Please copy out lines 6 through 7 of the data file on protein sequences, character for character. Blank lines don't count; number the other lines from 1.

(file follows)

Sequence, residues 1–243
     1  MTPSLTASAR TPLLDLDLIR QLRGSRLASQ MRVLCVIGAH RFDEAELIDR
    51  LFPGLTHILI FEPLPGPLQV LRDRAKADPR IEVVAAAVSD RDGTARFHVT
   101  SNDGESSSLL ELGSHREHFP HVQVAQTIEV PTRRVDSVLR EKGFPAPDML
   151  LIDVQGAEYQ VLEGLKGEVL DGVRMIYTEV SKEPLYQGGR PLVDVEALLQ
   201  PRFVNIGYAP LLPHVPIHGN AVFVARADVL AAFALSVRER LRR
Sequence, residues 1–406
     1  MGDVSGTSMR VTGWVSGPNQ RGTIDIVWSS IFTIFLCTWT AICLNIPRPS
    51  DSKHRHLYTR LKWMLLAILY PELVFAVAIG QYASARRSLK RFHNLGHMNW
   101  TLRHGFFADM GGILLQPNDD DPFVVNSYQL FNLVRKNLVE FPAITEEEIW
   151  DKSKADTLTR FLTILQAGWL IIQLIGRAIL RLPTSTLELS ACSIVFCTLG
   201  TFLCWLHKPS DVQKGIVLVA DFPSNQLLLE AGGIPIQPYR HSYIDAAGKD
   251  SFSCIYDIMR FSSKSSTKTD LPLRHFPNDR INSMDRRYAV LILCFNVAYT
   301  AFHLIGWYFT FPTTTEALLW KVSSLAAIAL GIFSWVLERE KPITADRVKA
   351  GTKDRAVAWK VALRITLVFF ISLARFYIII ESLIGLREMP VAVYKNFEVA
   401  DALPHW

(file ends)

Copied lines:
   201  PRFVNIGYAP LLPHVPIHGN AVFVARADVL AAFALSVRER LRR
Sequence, residues 1–406